Sometimes, I almost feel sorry for John Boehner. Almost. I mean, the poor thing has to herd a group of the most colorful wingnuts and bigots in modern American history, the House Republican caucus. John Boehner is running as fast as he can from his own position that the tax code should be cleaned up to limit loopholes that the rich unfairly take advantage of, while trying to deflect blame for indiscriminate cuts in the form of the sequester. Believe me when I tell you that when you are caught between a spirited progressive president taking his case to the American people to avert the indiscriminate cuts and your own party in haul-buckling mode, the only thing you can do is: surrender.
Congressional Republicans are preparing to counter increasingly dire warnings from President Obama about the impact of automatic budget cuts with a plan to give the administration more flexibility in instituting $85 billion in cuts, a proposal they say could protect the most vital programs while shifting more of the political fallout to the White House.
In the mean time, Sen. Lidsay Graham is practically begging his Republican colleagues to give up on their no-more-revenues craziness.

The White House's public position is that they are opposed to the Republican plan to shift responsibility, and surely enough, depending on the kind of flexibility we're talking about here - if ever the Republican herd is able to agree on the precision of it - may not be enough to keep the cuts from negatively impacting the economy. But the very fact that the Republicans are at a position where they are even talking about letting President Obama - their arch enemy - pick and choose the direction of the cuts is evidence that the ice beneath their feet is cracking, and their leadership is keenly aware of that.

Right now, it seems the GOP plan, which is still in limbo and has the party divided, is looking to grant the president flexibility, but only within each department's cuts. It would preserve the cuts in each department, but would let the administration shift the cuts around. That, the President and Democrats correctly point out, will not be enough. But suppose the Republicans settle on a plan that preserves only the total amount of cuts and its defense to non-defense ratio (1:1) and lets the president do the rest. With Secretary of Defense Hagel and Secretary of Treasury Lew now virtual certainties, the administration could devise a shrewd scalpel to direct the cuts to defense contracting, farm subsidies, prosecution of drug possession offenses and the like, while largely protecting primary and early childhood education, services for poor and disabled children, and other Democratic priorities.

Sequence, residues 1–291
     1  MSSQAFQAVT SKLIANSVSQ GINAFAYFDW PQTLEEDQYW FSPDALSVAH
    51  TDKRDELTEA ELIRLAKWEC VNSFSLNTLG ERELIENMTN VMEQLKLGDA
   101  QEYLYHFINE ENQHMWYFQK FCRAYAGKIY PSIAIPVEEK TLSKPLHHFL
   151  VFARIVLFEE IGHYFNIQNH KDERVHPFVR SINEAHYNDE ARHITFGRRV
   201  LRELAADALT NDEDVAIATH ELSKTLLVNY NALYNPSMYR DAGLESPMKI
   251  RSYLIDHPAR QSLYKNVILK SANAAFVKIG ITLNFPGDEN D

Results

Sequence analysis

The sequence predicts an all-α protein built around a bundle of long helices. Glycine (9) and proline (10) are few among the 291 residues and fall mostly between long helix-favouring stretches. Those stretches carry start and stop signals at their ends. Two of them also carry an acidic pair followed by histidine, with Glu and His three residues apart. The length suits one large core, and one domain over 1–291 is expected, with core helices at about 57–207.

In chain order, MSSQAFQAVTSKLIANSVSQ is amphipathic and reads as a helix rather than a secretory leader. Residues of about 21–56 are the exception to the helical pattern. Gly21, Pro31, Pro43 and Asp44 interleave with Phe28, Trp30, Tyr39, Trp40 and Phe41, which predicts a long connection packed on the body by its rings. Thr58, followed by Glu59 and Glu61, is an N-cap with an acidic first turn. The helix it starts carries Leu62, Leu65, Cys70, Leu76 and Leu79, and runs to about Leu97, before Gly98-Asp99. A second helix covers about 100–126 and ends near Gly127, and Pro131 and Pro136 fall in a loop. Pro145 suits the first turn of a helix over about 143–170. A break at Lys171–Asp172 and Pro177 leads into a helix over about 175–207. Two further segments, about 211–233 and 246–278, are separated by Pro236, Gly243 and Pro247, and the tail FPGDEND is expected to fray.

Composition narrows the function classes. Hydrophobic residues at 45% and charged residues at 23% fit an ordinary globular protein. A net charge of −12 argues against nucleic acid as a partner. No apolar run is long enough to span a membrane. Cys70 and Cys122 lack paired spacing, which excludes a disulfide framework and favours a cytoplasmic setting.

The political defeat, though, is not so much into how much flexibility they are thinking about giving the president, but in the fact that they are thinking about giving it to the president at all. It proves that their campaign to pin the cuts on the president has failed, and they realize that President Obama has used his bully pulpit effectively to turn the heat up. It proves that the Republicans know that they have badly lost the messaging war on this (as on almost everything else). It's incontrovertible evidence that terming this the "Obamaquester" did not work.

It isn't by accident that the president has stayed on the offensive on resolving the cuts with a balanced approach in which both parties are forced to abandon their sacred cows. The President is taking his case to the people, and he's pressing the case for Congress to work with him and pull themselves off of ideological dogmatism. Politically, he has stepped up to the plate on something Republicans willingly handed to him: manufactured crises. They set in motion - from the very idea of the sequester itself to the knee-jerk opposition to anything he's for - a series of manufactured crises. What they forgot is that manufactured or not, when crises arise, the people look for leadership to the President. Right now, they see a president providing that leadership and a Congress busy manufacturing even more crises.

The President is taking full advantage of that opportunity to provide leadership, and Republicans are thus backed into a corner with no outs. One might say that an wounded animal in those circumstances would fight back. And the Republicans tried to fight back. But they have failed. And they know they have failed. Hence, the new surrender plan, masquerading as a way to put more responsibility on the president.

Please proceed, GOP.

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